The lack of power in Japan will be a significant issue as the country tries to react to the quake and tsunami and will hamper long term recovery efforts, too.

  • Re:Enough already? (Score:3, Insightful)

    by Anonymous Coward on Monday March 14, 2011 @10:37AM (#35479204)

    Build for a 7.9 when the nation gets 8.5s approximately once a decade.

    That's a screw-up waiting to happen, and I'd be interested to see how the design event was decided upon.

  • Re:Unfortunate (Score:5, Insightful)

    by Compaqt (1758360) on Monday March 14, 2011 @10:59AM (#35479448) Homepage

    Nuclear Insurance [wikipedia.org] would be a big one, no?

  • by Anonymous Coward on Monday March 14, 2011 @11:14AM (#35479676)

    This is the last article I will ever read at this website. Absolutely ZERO editorial standards.

  • Re:Meltdown? (Score:2, Insightful)

    by spun (1352) <loverevolutionaryNO@SPAMyahoo.com> on Monday March 14, 2011 @11:46AM (#35480174) Journal

    Wait a second, so you are saying that according to the writeup, it is absolutely impossible for anyone to die... unless they were caught in one of several very large uncontrolled hydrogen gas explosions. Do you, ah, do you simply not see the inherent ridiculousness of that statement? "Look, as long as you manage to avoid the terrible dangers, you're perfectly safe," is really stretching the definition of 'safe.'

  • Re:Enough already? (Score:5, Insightful)

    by danlip (737336) on Monday March 14, 2011 @12:26PM (#35480726)

    The largest earthquake ever recorded was 9.5 in 1960 in Chile. The Japan quake was only the 5th largest. Any nuke plant built after 1960 should have been designed to withstand at least a 9.5, especially in a place like Japan. Designing for 7.9 is accepting an inevitable disaster.

  • Re:what (Score:4, Insightful)

    by catmistake (814204) on Monday March 14, 2011 @12:27PM (#35480746) Journal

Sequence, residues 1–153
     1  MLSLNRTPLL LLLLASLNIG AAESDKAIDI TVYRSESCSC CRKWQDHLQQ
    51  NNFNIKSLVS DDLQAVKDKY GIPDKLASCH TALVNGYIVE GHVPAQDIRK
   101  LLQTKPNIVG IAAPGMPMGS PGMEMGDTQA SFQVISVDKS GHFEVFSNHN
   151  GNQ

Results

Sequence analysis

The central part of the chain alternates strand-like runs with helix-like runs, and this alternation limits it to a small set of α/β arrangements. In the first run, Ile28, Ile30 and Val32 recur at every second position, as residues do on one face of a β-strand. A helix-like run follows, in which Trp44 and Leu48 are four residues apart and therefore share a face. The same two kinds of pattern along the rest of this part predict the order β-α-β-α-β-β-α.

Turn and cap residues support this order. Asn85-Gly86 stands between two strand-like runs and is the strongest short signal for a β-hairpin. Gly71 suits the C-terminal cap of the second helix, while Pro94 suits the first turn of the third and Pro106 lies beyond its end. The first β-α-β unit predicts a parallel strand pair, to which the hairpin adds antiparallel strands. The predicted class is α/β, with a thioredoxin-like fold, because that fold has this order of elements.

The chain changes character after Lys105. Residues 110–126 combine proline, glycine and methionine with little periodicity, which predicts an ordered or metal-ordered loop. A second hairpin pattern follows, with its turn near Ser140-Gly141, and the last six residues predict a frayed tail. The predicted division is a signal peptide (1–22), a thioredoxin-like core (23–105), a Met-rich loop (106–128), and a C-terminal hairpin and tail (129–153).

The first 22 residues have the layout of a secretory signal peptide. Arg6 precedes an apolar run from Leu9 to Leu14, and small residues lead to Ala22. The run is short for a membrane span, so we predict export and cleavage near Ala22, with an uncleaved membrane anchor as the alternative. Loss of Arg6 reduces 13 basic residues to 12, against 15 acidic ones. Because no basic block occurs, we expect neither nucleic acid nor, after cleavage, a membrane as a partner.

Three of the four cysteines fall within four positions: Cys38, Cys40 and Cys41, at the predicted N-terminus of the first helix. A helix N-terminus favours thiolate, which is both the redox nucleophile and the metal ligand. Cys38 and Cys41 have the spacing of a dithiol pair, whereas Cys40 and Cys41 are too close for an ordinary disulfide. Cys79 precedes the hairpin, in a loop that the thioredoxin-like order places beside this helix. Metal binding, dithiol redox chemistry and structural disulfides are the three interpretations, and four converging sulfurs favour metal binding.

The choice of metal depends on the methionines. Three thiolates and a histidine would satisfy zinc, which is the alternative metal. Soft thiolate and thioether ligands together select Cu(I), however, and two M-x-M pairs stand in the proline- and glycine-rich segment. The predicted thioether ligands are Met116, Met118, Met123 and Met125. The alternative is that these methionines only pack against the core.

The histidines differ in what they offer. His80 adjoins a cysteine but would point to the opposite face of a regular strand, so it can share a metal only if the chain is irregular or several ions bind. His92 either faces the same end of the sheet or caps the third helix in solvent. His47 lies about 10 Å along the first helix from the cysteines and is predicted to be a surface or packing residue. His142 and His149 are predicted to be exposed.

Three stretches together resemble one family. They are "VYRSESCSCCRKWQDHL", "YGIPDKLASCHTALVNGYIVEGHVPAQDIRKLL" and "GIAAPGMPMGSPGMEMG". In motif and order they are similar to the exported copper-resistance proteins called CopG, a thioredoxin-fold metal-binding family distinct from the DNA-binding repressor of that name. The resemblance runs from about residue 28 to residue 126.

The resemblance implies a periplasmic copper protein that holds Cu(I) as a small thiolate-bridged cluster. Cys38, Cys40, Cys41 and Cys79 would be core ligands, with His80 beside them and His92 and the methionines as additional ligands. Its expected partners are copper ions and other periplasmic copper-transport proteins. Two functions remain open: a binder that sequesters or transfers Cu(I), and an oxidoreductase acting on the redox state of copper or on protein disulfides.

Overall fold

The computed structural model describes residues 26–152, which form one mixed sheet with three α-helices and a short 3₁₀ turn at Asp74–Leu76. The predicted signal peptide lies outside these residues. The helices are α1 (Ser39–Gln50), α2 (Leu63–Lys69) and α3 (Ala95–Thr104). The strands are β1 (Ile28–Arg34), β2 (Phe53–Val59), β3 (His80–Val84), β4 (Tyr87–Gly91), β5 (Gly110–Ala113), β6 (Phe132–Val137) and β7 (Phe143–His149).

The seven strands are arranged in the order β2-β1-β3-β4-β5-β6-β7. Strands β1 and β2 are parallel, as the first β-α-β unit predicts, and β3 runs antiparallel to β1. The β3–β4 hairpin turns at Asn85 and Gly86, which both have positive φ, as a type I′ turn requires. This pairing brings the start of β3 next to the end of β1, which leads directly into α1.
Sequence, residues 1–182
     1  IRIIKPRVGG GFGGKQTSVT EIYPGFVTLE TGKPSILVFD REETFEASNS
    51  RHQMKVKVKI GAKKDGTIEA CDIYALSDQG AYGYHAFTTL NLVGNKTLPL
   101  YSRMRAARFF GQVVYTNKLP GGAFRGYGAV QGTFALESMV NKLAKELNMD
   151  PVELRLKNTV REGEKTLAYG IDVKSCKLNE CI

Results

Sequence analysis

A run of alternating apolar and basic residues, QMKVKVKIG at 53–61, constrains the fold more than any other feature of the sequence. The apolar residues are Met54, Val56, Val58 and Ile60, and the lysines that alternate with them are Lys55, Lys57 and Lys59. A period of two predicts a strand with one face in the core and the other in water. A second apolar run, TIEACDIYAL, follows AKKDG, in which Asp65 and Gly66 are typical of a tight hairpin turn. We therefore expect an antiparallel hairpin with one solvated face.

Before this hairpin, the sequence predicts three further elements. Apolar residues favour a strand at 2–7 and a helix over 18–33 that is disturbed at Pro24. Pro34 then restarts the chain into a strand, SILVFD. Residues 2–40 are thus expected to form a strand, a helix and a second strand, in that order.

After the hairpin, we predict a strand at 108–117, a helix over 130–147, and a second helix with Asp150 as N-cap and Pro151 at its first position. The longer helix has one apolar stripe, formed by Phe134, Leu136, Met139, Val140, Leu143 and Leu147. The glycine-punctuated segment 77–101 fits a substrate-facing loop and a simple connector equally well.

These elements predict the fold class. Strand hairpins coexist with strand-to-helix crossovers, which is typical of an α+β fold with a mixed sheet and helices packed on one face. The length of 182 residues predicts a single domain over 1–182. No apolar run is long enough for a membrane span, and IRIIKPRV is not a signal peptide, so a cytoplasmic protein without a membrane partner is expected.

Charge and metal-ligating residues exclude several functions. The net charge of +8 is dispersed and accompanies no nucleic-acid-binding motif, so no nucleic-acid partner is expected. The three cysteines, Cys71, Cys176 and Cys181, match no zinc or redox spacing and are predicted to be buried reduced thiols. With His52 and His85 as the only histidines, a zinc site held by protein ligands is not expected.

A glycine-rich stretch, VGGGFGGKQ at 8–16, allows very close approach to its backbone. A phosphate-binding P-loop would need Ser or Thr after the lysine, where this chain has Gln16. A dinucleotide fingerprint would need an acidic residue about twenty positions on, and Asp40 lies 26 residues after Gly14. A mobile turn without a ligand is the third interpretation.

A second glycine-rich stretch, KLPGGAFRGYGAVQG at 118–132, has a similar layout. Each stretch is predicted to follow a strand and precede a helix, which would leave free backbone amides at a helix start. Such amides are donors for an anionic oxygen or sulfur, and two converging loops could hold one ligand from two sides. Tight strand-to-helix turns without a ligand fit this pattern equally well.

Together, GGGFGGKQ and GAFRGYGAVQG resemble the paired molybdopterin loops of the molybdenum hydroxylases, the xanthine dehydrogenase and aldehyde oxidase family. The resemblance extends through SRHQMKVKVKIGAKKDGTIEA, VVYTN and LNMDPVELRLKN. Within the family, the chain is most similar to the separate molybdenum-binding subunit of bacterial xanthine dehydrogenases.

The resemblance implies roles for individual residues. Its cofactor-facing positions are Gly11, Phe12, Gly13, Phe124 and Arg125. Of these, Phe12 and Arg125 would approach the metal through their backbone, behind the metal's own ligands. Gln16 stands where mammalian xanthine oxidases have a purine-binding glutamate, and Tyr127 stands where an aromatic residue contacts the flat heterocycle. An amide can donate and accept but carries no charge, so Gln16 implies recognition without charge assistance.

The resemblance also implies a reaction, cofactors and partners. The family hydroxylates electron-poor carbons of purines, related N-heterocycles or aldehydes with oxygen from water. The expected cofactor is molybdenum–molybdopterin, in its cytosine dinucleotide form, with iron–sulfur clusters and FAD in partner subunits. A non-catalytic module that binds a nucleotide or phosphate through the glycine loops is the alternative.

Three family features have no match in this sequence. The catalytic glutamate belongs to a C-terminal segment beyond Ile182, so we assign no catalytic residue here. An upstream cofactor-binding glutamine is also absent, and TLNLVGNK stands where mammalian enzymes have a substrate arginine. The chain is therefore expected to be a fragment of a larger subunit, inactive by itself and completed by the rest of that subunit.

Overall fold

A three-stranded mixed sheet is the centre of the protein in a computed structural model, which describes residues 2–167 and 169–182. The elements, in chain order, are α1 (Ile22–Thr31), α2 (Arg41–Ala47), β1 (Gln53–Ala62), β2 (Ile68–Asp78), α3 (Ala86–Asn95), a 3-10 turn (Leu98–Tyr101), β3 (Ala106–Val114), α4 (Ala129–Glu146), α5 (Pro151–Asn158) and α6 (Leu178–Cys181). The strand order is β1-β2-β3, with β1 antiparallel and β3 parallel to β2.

Yeah, a total overreaction, only 2 nuclear power plants are failing, of 6 reactors, only 2 are in partial meltdown; less than 200 people were irradiated, less than 200,000 were evacuated. Why is this even news? Sensational journalism makes me nauseous.
  • Re:what (Score:4, Insightful)

    by Waffle Iron (339739) on Monday March 14, 2011 @12:28PM (#35480752)

    I would like to understand clearly and concisely why it has not been possible after so many days to maintain levels of coolant.

    It's because contrary to what all the overconfident pro-nuke techies that infest this site seem to believe: In the real world, shit happens.

  • Re:Unfortunate (Score:2, Insightful)

    by Anonymous Coward on Monday March 14, 2011 @01:04PM (#35481286)

    Much like Three Mile Island (which also didn't release any significant radiation), this will set nuclear energy back years. And with the carbon problem and increasing dependence on fossil fuels, we need it now more than every. Solar and wind aren't ready, and so much progress has been made in nuclear plant safety.

    Your post is almost entirely false. Three Mile Island killed people. [counterpunch.org] The radiation released wasn't catastrophic, but it was most certainly significant. What happened at Three Mile Island shouldn't be dismissed like it was nothing at all, and this is a major reason (dismissive attitudes) why many nuclear proponents should be dismissed. You, sir, are dismissed.